Way to simplistic. Bumping the ISO doesn't change the photon-shot noise component (actual exposure), and it may have different effects on the other noise sources between different sensor designs. Different downsampling methods will have different effects on the noise spectrum.

Here we are talking about sensors in different formats but with similar architecture and design, e.g. Nikon D7000 vs Nikon D800, Canon 80D vs Canon 1DXII etc. Check the "print" tab of the dxomark charts and you could see that the SNR of the 35mm format is generally about one-stop better than the corresponding APSC technology.
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Bart_van_der_Wolf

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Re: Why Medium Format?
« Reply #57 on: August 09, 2016, 02:44:55 pm »

For almost any medium format digital lens, I can find a 35mm format lens with a similar angle of view and with a much faster aperture to achieve a stronger degree of background blur. That's why I claim that medium format digital is a worse choice than 35mm format if one needs DoF control.

Your original contention was:
Quote
Unfortunately digital medium format won't offer shallower DoF when compared against Canon/Nikon/Sony's 35mm cameras and lenses.

You didn't mention more options to control DOF. You failed to mention that it is only the case, if one has a lens with significantly wider aperture number (even wider than what is needed to get equal DOF) and of otherwise equal optical performance. Such lenses may well be of worse optical performance when they can produce shallower DOF. The exceptional OTUS lens quality does come at a price as well, and I'm not always too convinced by their Bokeh (because they lack some pleasing effects of Spherical aberrations) for all types of images.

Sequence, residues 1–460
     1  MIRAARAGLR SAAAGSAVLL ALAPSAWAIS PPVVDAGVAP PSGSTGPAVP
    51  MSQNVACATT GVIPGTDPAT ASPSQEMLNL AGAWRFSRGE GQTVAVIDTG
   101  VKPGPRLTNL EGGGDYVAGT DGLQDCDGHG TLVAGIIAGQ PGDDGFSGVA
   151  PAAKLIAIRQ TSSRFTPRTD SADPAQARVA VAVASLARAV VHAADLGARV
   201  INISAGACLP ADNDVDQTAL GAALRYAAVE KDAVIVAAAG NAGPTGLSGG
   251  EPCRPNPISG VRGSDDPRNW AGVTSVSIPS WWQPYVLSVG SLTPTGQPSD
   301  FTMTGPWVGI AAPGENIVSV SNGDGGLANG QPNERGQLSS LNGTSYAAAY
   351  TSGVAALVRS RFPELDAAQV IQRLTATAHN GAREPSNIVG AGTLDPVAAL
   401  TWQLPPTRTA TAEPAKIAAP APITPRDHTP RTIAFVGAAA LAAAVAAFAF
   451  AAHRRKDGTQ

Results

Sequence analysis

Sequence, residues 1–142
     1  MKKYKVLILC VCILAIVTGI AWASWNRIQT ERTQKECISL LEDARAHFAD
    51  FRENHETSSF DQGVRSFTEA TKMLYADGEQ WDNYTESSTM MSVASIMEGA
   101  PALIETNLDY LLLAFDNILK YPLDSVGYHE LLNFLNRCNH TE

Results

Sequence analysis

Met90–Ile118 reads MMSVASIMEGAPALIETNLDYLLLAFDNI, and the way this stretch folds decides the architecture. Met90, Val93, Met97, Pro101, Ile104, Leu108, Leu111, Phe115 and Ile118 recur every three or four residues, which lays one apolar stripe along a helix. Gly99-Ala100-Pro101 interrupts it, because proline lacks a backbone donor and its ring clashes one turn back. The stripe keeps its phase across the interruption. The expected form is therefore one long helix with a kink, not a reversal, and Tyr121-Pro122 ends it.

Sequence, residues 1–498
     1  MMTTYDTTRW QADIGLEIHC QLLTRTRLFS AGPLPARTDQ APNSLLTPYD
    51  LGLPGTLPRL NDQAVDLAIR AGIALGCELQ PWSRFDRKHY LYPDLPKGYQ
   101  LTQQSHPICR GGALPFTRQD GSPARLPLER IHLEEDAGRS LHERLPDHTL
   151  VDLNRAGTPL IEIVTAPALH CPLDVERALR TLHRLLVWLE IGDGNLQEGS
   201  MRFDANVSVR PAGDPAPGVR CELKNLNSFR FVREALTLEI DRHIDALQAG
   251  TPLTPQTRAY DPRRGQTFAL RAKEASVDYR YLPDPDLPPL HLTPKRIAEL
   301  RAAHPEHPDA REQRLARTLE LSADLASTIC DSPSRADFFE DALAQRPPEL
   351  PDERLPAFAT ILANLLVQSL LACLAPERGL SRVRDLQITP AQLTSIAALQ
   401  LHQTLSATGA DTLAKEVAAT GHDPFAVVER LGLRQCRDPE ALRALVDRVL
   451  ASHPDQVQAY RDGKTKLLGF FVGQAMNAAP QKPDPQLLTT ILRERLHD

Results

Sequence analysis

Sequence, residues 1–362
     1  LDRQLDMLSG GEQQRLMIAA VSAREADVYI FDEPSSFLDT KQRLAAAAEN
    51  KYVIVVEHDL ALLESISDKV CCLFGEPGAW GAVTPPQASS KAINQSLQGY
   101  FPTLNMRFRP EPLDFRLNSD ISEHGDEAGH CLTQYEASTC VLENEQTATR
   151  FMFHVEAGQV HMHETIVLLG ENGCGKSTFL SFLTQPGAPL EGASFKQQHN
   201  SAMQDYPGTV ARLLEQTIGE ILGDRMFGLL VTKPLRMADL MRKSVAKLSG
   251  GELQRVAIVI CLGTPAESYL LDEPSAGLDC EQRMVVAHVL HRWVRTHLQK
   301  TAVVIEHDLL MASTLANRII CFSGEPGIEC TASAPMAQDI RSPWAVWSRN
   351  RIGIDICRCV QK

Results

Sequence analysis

The objective truth is not that MF 'won't', but that MF 'might not' produce shallower DOF in case were such extremely wide aperture lenses are available. The objective truth is also that at equal aperture and exposure time but at longer focal length for the same FOV, MF systems do produce shallower DOF. So it depends on available options and shooting conditions whether one can produce more shallow DOF or not, with one system or the other. Budget may also be a factor.